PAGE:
You may want to consider one of the popular, single-serve machines that brew up a cup at a time.
Consumer Reports put to the test more than two dozen of the 'pod' single-serve machines.
For people who want a quick cup of coffee at home, a single-serve coffeemaker is an easy option. Just pop in a pod and you can brew a cup to go.
Consumer Reports has tested more than two dozen single-serve coffeemakers from names like Keurig, Mr. Coffee, and Starbucks. They cost anywhere from 25 to 300 dollars.
No one wants a cold cup of coffee. So testers measure the temperature to make sure it's always hot.
Timer speed is also important.
"Testers record how long it takes for the first cup to brew, and each cup after that," said Dan DiClerico of Consumer Reports. "Some machines keep you waiting a lot longer than others."
One of the slowest to deliver that first cup is the $300 Bunn MyCaf? M-C-P.
And the $35 Gevalia G-90 had a tough time getting started. It produced a lot of steam and noise before it began making coffee.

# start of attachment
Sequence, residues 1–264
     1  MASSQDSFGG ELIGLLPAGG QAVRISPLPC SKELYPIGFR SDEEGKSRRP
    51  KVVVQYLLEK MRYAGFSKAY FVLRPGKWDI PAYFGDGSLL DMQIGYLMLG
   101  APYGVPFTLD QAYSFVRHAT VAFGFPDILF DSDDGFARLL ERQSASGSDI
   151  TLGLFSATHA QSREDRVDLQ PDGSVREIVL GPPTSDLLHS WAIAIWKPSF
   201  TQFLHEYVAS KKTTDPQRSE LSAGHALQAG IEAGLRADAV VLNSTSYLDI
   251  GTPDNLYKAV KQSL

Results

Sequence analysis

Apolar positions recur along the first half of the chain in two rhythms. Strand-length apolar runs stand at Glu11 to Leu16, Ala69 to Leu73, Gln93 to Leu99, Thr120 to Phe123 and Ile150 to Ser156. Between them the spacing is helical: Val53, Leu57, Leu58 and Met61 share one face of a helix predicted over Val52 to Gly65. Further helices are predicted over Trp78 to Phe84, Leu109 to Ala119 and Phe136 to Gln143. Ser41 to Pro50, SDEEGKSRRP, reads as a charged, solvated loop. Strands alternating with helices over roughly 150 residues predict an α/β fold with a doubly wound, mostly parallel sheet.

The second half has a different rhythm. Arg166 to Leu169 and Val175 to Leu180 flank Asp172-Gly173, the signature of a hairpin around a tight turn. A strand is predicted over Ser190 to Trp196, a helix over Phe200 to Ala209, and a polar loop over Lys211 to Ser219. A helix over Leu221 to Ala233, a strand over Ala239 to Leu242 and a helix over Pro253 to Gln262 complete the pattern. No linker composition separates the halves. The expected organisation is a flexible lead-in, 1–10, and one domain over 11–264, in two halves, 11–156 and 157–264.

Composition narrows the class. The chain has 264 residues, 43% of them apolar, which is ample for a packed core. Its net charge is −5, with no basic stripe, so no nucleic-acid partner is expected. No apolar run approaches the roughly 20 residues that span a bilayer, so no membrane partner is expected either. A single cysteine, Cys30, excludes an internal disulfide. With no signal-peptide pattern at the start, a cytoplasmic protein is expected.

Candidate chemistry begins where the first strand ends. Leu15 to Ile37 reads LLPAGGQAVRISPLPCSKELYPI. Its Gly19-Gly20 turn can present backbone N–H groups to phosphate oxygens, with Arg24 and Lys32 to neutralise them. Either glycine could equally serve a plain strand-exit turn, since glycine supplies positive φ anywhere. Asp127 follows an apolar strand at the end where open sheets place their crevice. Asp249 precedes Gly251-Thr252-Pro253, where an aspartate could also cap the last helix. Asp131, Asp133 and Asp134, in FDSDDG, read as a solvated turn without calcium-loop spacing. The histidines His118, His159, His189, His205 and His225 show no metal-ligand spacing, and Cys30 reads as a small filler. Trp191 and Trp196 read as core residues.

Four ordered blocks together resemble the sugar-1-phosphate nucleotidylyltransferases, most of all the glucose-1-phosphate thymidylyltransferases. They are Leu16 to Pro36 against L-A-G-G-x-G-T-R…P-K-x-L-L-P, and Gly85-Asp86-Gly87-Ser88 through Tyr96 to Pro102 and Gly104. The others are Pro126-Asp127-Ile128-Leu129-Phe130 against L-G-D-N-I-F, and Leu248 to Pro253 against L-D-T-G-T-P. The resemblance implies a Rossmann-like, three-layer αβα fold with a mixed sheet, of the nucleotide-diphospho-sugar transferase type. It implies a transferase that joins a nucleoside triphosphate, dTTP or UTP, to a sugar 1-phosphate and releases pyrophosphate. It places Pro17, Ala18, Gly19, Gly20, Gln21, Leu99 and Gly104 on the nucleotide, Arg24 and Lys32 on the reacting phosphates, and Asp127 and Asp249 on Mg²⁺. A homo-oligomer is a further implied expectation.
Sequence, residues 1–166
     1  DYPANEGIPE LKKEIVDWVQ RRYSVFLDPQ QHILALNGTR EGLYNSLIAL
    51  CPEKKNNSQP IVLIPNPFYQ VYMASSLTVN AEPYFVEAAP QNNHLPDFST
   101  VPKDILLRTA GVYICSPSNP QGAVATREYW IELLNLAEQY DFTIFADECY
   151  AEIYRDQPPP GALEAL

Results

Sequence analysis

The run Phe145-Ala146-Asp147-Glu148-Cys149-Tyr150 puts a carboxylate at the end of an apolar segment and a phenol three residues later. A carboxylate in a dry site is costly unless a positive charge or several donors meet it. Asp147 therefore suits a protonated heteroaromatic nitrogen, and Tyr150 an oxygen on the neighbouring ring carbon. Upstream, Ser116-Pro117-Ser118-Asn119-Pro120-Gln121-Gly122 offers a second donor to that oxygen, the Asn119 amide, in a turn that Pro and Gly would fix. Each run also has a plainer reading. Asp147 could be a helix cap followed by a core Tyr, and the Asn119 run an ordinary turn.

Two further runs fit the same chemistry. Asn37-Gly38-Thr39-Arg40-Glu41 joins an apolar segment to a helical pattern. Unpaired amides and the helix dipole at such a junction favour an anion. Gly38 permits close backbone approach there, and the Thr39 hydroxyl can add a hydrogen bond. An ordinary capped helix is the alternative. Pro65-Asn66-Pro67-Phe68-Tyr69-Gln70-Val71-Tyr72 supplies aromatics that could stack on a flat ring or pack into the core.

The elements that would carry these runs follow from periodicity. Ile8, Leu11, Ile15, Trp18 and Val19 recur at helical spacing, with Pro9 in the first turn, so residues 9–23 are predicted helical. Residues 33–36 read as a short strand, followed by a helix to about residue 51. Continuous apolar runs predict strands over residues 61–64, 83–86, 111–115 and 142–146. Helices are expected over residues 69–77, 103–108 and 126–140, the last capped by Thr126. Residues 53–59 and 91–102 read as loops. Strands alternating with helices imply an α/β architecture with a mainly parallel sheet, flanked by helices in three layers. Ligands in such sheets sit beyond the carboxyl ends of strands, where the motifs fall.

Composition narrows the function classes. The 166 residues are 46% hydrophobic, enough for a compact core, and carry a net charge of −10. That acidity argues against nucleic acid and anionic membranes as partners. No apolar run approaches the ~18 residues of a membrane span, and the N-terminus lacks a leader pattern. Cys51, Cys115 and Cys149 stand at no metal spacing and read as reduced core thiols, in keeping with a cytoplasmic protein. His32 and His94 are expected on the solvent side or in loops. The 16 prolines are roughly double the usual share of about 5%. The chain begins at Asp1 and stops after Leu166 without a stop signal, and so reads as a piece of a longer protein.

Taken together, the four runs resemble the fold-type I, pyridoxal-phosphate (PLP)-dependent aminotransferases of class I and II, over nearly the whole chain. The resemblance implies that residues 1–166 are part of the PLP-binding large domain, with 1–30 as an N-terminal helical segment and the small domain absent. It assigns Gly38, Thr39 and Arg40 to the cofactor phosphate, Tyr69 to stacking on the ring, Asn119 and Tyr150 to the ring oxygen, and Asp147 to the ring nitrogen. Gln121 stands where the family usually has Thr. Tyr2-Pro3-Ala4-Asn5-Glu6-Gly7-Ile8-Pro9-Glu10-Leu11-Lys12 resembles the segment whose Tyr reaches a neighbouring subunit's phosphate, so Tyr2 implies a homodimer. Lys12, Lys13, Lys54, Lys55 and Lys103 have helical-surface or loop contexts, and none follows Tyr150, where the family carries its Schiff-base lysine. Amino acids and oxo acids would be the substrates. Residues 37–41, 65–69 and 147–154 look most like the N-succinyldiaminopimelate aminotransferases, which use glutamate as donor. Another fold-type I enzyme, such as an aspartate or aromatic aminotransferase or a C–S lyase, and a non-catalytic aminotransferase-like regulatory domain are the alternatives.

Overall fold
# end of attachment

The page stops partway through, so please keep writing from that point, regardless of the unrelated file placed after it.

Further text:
When all the tests were done, the Dolce Gusto Genio from DeLonghi came out on top. At $130, it delivers a fast, hot cup of coffee every time.
"The only thing is it uses Nescaf?-brand capsules so you only have 16 varieties to choose from," said DiClerico.
Consumer Reports also sized up taste quality. Unfortunately, trained experts found none of the single-serve systems brewed top-quality coffee. For that you might just have to stand in line at your local coffeehouse.
Another option for a good, strong cup of coffee - use a traditional drip coffeemaker. Consumer Reports says you can find a top one for well under 100 dollars, like the Mr. Coffee BVMC-SJX33GT.
It's a Best Buy at $40.